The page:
Scientists at the University of Gothenburg, Sweden, have used advanced light microscopy to show that a substance can be differently absorbed by the skin, depending on what it is mixed with. This may determine whether it causes contact allergy or not.
"We have also been able to identify specific cells and proteins in the skin with which a contact allergen interacts. The results increase our understanding of the mechanisms behind contact allergy", says Carl Simonsson at the Department of Chemistry, University of Gothenburg.
Scientists have discovered a missing link between the body's biological clock and sugar metabolism system, a finding that may help avoid the serious side effects of drugs used for treating asthma, allergies and arthritis.
In a paper published last week in Nature, scientists at the Salk Institute for Biological Studies report finding that proteins that control the body's biological rhythms, known as cryptochromes, also interact with metabolic switches that are targeted by certain anti-inflammatory drugs.
High diversity and a variety of bacteria in the gut protect children against allergies as opposed to some individual bacterial genera. These are the findings of a comprehensive study of intestinal microflora (gut flora) in allergic and healthy children, which was conducted at Linköping University in Sweden.
One hypothesis is that our immune system encounters too few bacteria during childhood, which explains the increasing proportion of allergic children. However it has been difficult to substantiate the hypothesis scientifically.
Asthma-Related Hospital Readmissions 50 Percent Greater in Single-Parent Households.- Financial strain and competing priorities at home may contribute to greater number of hospital readmissions of children with asthma from single-parent homes compared to dual-parent households, according to a new study presented at the American College of Allergy, Asthma and Immunology Annual Meeting in Boston, Nov. 3-8.
If infants encounter a wide range of bacteria they are less at risk of developing allergic disease later in life. This is the conclusion of research from the University of Copenhagen, which suggests completely new factors in many modern lifestyle diseases.
Oversensitivity diseases, or allergies, now affect 25 per cent of the population of Denmark. The figure has been on the increase in recent decades and now researchers at the Dansk BørneAstma Center [COPSAC, Copenhagen Prospective Studies on Asthma in Childhood], University of Copenhagen, are at last able to partly explain the reasons.
A study published online Oct. 18 in the Journal of the National Cancer Institute provides some new but qualified support for the idea that the immune system's response to allergies may reduce the risk of developing deadly brain tumors.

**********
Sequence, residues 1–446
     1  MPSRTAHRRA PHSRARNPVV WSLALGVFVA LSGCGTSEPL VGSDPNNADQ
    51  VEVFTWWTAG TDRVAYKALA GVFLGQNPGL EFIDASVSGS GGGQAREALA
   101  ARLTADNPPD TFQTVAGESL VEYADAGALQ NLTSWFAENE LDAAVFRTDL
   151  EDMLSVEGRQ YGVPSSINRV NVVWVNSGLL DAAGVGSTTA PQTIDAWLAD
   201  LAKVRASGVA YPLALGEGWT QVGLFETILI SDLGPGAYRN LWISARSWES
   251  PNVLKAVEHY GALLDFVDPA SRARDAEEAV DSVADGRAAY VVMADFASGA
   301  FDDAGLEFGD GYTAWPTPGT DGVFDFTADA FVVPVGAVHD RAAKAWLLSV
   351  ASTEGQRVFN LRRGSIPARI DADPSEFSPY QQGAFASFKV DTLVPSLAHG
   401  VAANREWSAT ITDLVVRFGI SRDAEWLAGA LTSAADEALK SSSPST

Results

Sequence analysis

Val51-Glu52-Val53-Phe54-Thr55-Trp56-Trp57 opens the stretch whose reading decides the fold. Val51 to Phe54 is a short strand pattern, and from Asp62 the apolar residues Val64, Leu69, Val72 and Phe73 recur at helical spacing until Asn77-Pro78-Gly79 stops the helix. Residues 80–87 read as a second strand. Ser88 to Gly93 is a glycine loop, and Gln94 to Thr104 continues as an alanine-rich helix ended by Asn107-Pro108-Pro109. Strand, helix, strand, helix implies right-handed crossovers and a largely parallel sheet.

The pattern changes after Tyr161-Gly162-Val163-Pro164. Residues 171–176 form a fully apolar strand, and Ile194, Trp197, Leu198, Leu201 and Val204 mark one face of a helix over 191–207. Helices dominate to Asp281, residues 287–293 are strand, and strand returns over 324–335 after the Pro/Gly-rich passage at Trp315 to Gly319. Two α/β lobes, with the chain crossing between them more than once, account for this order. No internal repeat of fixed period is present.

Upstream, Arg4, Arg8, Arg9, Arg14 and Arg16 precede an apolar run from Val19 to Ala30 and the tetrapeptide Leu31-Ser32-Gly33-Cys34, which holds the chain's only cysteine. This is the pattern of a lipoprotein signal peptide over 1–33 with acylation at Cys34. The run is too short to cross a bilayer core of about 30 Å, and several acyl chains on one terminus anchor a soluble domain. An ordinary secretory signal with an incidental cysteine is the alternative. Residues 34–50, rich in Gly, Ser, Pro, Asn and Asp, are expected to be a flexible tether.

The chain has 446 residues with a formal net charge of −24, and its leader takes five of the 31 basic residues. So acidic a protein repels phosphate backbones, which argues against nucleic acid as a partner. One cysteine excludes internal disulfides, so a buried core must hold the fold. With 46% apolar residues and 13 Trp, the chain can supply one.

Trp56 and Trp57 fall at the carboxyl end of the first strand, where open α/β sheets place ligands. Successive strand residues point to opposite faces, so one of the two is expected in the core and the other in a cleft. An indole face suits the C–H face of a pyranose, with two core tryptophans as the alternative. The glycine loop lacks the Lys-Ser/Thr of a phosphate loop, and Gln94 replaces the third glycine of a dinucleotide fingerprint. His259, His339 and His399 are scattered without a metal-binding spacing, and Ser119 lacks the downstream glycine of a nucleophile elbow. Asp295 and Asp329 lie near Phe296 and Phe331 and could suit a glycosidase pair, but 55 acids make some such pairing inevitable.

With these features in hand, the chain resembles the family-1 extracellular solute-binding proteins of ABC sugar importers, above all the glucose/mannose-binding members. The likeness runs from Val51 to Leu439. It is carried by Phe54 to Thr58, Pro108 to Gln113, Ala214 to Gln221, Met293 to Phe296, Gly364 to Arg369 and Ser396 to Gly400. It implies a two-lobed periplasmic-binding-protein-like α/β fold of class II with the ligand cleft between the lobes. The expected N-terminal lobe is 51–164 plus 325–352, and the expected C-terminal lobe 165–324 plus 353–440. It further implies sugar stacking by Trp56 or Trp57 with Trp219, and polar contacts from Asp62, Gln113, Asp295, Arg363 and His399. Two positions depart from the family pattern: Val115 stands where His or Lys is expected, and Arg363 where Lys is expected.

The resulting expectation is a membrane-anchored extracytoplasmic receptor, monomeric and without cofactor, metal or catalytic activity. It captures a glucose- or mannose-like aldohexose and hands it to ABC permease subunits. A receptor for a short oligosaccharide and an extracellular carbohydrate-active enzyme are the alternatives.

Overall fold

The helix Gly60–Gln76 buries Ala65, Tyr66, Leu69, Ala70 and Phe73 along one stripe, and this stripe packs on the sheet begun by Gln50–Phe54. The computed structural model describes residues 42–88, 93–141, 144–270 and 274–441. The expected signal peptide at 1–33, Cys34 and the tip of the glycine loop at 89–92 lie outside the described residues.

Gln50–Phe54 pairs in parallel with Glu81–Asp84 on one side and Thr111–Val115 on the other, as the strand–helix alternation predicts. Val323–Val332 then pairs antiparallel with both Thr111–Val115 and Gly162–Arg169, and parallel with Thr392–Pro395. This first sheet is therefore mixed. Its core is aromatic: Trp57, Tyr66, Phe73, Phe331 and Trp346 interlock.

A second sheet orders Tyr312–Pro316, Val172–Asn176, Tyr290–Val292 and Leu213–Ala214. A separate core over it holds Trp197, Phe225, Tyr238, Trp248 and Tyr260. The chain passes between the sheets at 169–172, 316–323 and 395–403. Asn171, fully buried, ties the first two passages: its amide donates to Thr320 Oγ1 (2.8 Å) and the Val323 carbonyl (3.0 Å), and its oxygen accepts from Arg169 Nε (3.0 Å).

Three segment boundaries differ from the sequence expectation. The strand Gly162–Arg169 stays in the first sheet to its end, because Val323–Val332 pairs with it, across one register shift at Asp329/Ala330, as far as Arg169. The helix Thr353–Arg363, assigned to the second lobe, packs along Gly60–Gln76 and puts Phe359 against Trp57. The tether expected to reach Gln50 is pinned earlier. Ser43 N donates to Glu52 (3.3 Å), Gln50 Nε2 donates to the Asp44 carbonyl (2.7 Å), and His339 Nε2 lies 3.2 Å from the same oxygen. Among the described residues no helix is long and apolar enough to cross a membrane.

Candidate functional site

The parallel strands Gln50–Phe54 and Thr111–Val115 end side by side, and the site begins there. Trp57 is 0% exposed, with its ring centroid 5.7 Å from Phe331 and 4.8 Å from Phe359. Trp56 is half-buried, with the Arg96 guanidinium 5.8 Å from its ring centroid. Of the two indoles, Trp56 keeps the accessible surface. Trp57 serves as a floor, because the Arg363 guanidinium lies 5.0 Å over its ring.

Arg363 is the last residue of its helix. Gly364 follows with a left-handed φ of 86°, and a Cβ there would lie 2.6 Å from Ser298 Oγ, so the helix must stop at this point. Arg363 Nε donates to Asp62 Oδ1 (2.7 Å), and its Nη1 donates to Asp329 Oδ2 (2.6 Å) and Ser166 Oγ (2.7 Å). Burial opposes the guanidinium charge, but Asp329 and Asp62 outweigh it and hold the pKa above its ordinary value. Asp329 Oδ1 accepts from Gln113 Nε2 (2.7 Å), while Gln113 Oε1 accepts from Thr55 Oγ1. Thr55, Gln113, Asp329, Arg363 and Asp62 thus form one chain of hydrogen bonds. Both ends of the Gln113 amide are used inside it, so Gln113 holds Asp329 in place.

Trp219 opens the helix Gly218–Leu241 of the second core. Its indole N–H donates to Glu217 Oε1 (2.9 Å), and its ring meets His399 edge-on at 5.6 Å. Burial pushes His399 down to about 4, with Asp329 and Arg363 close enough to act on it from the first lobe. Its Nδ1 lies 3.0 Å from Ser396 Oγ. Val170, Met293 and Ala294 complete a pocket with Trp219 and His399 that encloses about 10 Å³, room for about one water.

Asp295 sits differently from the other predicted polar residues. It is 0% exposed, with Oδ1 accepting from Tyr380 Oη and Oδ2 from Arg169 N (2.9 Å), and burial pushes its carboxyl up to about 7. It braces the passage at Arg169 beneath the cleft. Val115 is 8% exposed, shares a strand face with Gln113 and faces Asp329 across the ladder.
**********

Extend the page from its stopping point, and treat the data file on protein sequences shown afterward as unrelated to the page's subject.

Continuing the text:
People with somewhat elevated blood levels of immunoglobulin E (IgE), antibodies that carry out the body's immune response to allergens, were significantly less likely to develop gliomas, and those who did survived somewhat longer, than those with clinically normal IgE levels, according to the study by a team of researchers at Brown University and several other institutions in the United States and Europe.
Today, about one in four European children suffer from allergy, which makes this disease the non-infectious epidemic of the 21st century. Evidence suggests that lifestyle factors and nutritional patterns, such as breastfeeding, help to reduce the early symptoms of allergy.
Nose feel congested and stuffed up? Scientists from the Monell Center report that the annoying feeling of nasal obstruction is related to the temperature and humidity of inhaled air. The findings suggest that sensory feedback from nasal airflow contributes to the sensation of congestion. This knowledge may help researchers design and test more effective treatments for this familiar symptom of nasal sinus disease.
Eating low-fat yoghurt whilst pregnant can increase the risk of your child developing asthma and allergic rhinitis (hay fever), according to recent findings.
The study will be presented at the European Respiratory Society's (ERS) Annual Congress in Amsterdam on 25 September 2011. All the abstracts for the ERS Congress are publicly available online.
The study aimed to assess whether fatty acids found in dairy products could protect against the development of allergic diseases in children.
The researchers assessed milk and dairy intake during pregnancy and monitored the prevalence of asthma and allergic rhinitis using registries and questionnaires in the Danish National Birth Cohort.
Itchy eyes, sneezing, coughing and congestion -- these are just some of the symptoms that millions of people with allergies have to deal with every day, all from allergens being inhaled through the nasal passages. In fact, according to the Centers for Disease Control, nearly one in three Americans suffer from sinus related symptoms, and that number continues to grow.